A minor fender bender is a “low-speed accident that involves a car’s fender or bumper” that generally results in the vehicle sustaining little to no damage. [Source: Esurance]. Now, although many individuals, especially those who cause a collision, believe that just because an accident is considered to be a “minor” one, there is no chance the driver of the vehicle they hit could sustain an injury, however, that is not entirely accurate. The truth is, it is possible for a motorist to suffer an injury in a fender bender, even when there isn’t must damage shown on the vehicle.
According to the US National Library of Medicine National Institutes of Health, “there does not seem to be an absolute speed or amount of damage a vehicle [must] sustain for a person to experience injury.” After analyzing crash tests, the source highlighted that “a change of vehicle velocity of 2.5 mph may produce occupant symptoms,” although “vehicle damage may not occur until 8.7 mph.” What this means is that there is a chance that a motorist could sustain an injury in a low-impact car collision even if the vehicle shows little to no damage. That is why car crash victims are generally encouraged to seek medical attention immediately following a wreck so that a physician can assess their condition and rule out any type of injury, even the minor ones.
The source goes on to highlight that among all types of injuries a car crash victim might sustain in a minor fender bender, soft tissue injuries were a possible outcome. What constitutes as a soft tissue injury? Below we highlight what Johns Hopkins Medicine would consider to be a soft-tissue injury along with the symptoms of each.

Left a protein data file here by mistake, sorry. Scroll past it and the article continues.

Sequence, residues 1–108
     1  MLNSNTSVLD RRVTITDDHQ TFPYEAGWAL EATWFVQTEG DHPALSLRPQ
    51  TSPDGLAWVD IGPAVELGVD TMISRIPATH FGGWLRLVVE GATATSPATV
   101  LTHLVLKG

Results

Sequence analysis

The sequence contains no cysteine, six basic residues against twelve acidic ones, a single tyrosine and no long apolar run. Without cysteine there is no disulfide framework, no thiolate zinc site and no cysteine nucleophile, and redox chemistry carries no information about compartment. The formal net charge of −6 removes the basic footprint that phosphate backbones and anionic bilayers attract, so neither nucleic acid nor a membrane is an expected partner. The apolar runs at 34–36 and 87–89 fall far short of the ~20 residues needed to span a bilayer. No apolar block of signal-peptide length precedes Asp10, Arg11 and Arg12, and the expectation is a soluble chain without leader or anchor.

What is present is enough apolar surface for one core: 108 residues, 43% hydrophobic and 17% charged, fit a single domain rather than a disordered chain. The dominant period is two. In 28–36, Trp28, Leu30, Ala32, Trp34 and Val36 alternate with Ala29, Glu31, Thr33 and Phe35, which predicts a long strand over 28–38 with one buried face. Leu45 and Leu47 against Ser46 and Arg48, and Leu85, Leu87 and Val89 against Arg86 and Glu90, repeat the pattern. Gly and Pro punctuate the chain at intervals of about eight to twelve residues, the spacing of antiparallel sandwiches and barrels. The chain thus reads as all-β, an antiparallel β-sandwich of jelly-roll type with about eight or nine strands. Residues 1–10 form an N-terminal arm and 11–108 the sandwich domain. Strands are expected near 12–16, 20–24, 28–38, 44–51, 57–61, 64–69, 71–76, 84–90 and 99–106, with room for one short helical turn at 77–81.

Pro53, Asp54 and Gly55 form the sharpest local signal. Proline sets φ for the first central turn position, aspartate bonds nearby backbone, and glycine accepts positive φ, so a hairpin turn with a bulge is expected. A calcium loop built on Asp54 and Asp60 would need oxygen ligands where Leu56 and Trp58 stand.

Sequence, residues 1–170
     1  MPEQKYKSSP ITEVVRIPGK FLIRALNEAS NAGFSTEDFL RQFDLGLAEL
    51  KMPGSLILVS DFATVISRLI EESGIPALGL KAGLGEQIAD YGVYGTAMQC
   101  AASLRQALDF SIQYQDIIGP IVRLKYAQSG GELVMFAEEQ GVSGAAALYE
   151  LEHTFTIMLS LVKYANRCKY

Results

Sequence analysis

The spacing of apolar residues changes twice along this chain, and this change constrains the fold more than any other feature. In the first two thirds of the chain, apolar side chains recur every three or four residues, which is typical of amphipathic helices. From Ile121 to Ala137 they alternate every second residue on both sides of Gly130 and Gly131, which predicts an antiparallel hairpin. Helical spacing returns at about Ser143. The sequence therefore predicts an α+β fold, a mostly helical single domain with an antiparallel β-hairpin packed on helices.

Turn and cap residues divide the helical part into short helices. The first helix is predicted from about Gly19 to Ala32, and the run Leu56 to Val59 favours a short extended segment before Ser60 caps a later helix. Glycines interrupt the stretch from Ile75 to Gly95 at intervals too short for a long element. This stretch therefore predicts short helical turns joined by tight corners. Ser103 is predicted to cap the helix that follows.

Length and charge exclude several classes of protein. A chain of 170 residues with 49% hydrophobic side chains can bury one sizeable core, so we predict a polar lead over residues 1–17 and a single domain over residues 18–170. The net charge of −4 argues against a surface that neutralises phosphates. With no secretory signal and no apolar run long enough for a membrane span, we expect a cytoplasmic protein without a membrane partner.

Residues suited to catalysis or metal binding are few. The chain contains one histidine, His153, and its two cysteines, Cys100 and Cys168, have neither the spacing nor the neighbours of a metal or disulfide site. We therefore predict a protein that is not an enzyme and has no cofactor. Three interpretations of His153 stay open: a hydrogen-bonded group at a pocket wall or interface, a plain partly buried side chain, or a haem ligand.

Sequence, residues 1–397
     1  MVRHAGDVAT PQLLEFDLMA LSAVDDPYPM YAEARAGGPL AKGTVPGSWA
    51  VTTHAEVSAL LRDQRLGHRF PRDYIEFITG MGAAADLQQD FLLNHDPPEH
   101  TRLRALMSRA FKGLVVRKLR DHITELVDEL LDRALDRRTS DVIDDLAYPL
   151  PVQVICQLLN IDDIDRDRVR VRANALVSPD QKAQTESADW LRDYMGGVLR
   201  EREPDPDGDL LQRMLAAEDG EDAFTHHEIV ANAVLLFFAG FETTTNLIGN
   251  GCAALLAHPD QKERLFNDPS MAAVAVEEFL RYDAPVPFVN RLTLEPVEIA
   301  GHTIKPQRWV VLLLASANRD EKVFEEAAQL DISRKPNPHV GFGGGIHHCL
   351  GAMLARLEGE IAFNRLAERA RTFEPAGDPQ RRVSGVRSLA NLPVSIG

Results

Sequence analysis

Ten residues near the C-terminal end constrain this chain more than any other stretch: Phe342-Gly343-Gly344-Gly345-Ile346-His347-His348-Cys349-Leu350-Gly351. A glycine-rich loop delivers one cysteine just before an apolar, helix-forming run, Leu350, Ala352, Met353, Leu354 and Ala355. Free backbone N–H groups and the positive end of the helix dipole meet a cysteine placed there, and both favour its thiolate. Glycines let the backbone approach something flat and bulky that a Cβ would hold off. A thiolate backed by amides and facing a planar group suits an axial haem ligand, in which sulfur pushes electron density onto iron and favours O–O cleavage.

- Contusions. A contusion, which is also known as a bruise, “is an injury to the soft tissue often produced by a blunt force, such as a kick, fall, or blow.” Generally, when someone suffers a contusion, they experience pain, swelling, and discoloration because of bleeding into the tissue.
- Sprain. A sprain is a “partial tear to a ligament and is often caused by a wrench or twist,” and the ankles, knees, or wrists are the most common areas to suffer a sprain. While most heal with rest, ice, compression, or elevation, if it has been determined that the ligament has completely torn, surgery may be necessary to repair it [Source: Johns Hopkins Medicine].
- Bursitis. Although this type of injury is often caused by “overuse injury,” it can “also be caused by direct trauma to a joint.” Bursitis is “the inflammation of the bursa, a fluid-filled sac that provides a cushion between bones and muscles or tendons.” This soft tissue injury generally affects the shoulders, knees, hips, elbows, ankles, or even the feet.
- Strain. “A strain is an injury to a muscle or tendon, and is often caused by overuse, force, or stretching.” While patients have noticed some relief by applying ice to the injured area, resting it, or elevating it, if the muscle has a tear, there is a good chance that surgery is required to mend it.
If you suffered a soft tissue injury or even a more severe injury in a car accident that occurred in Monroe, LA and are looking to recover compensation that can help you afford the medical bills you are now required to pay, contact Campbell, House & Cummins, Attorneys at Law. If there’s one thing our attorneys specialize in, it’s getting car crash victims a fair amount of compensation for the injuries they suffered. If you would like to learn more about our firm and how we can help you, contact us today at 318-855-0285 to schedule an initial consultation with one of our helpful and experienced LA car accident lawyers.
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